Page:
In my own (admittedly anecdotal) experience, this curiosity has taken two forms: The intrigue that animals might be more like people than we previously suspected, and the quite distinct intrigue that people might be more like animals. While both are relational, these two types of interest ultimately have different moral centers of gravity.
Non-scientists intrigued by how animal-like people are will often shift the conversation away from animals almost immediately to instead discuss human behavior in evolutionary terms. Dawkins or Pinker might get mentioned. So might some genuinely unfounded evolutionary speculation about mate selection or how tool use arose. At the heart of this curiosity is often the sense that received wisdom about "what makes us human" has it all wrong, and that science is just now starting to peel back the true origins of our most mysterious and remarkable mental attributes.
Contrastingly, non-scientists who are eager to talk about how people-like animals are tend to have a fairly clear idea of what personhood consists of, and are excited by the possibility of extending those properties to animals. They might assert quite confidently that their cat "knows how I feel" or that March of the Penguins was an amazing example of monogamous love conquering all. While this crowd is deeply excited by the journey of self-discovery that life entails, they are much more likely to be convinced they know what the right questions are.
Now, to be fair, I'm generalizing in a rather uncharitable way. Lots of people are interested for lots of reasons. However, as someone who has had to mediate spontaneous discussions-turned-argument between these two camps, I think the two forms of curiosity reflect very different assumptions and require different finesse. It's rather like (and often literally the same as) mediating a discussion about cognition between those who want to overturn the concept of the soul and those who want to prove its existence scientifically. As such, it's very tough to craft a general message that appeals to, excites, and informs both viewpoints.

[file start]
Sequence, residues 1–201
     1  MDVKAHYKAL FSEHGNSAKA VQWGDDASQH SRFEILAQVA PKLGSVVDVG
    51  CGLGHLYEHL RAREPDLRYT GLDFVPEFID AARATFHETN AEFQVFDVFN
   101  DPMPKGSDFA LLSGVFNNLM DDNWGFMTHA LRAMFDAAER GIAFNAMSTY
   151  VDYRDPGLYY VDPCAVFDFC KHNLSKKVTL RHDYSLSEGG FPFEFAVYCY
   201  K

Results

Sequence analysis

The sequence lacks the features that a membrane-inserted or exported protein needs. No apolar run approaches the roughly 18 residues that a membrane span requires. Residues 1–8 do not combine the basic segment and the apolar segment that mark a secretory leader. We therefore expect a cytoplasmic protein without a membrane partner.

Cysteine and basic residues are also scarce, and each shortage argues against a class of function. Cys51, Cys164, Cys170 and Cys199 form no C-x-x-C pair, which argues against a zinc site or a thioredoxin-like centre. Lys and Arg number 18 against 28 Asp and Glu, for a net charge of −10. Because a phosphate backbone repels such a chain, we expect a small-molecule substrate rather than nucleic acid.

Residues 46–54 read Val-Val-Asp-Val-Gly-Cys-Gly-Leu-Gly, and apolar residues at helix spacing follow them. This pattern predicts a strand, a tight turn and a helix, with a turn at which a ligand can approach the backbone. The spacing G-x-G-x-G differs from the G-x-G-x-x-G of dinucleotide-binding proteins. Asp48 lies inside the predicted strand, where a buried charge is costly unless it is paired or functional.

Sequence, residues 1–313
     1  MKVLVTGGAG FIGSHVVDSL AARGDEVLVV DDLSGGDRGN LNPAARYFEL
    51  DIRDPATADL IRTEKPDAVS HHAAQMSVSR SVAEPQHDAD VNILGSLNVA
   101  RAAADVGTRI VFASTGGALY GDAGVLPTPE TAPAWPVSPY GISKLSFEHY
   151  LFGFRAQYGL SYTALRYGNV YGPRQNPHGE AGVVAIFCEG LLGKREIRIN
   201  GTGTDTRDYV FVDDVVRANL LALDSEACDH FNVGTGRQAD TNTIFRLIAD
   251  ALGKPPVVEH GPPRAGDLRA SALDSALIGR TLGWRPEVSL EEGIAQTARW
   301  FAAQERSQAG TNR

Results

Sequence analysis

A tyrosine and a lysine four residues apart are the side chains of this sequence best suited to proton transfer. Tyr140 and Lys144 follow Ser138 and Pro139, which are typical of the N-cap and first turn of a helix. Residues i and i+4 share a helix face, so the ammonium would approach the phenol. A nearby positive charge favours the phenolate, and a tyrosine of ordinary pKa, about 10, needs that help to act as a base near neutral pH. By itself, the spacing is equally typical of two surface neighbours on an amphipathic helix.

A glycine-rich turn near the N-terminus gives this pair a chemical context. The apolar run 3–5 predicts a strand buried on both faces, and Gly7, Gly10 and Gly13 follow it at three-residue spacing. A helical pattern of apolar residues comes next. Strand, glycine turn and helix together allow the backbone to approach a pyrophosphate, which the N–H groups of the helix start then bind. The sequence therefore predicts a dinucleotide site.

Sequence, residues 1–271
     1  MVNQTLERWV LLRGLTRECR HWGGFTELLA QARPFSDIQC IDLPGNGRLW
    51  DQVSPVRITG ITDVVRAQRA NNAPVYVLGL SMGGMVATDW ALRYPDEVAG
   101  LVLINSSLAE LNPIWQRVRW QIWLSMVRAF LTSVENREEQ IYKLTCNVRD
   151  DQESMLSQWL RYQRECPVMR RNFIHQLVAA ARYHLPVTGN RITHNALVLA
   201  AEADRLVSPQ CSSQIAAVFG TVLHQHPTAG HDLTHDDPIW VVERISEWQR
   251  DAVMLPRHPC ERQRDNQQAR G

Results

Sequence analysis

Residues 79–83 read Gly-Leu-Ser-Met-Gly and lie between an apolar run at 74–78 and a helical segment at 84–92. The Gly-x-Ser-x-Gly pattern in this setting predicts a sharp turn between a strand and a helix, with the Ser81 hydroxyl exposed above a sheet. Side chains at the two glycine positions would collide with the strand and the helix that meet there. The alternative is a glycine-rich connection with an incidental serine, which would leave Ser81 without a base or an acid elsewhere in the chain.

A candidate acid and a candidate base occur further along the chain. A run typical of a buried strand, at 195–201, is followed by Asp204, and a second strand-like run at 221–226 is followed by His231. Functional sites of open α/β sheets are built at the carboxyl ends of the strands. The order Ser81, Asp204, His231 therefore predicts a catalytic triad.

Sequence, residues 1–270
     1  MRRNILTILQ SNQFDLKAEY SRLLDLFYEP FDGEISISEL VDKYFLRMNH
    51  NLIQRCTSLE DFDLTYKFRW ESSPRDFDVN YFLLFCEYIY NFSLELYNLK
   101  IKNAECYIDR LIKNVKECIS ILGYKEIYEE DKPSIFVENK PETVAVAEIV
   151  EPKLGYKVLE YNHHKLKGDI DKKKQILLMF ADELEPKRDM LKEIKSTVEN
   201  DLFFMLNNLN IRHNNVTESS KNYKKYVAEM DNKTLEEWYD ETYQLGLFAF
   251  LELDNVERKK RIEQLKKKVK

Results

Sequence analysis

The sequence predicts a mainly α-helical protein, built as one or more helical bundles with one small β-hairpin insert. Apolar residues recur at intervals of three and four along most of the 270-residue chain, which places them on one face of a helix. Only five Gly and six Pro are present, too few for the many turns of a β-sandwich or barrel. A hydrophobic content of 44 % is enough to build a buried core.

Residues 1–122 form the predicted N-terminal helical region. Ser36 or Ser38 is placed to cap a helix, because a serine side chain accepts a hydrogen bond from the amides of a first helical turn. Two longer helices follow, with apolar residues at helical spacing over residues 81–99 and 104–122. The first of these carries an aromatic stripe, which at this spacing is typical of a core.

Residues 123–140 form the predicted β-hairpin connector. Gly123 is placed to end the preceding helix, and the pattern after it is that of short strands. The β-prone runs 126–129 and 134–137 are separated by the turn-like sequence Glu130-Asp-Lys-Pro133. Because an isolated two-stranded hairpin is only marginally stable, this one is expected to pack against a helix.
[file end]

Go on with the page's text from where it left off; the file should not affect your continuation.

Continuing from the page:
Nevertheless, the public does seem very excited by these stories, even if the excitement stems from differing motivations. That's excitement that we have to work hard to cultivate, because very few in the general public interesting find animal behavior for its own sake interesting, beyond a sort of "gee whiz" factor that pervades NatDoc film clips in which a species has its entire essence summarized by a 90-second spot. Since good science depends on trying to not fall prey to anthropic assumptions, it's up to us to first hook the general public with the questions that excite them, then try to persuade them that there's a lot to excited about outside of that comfort zone.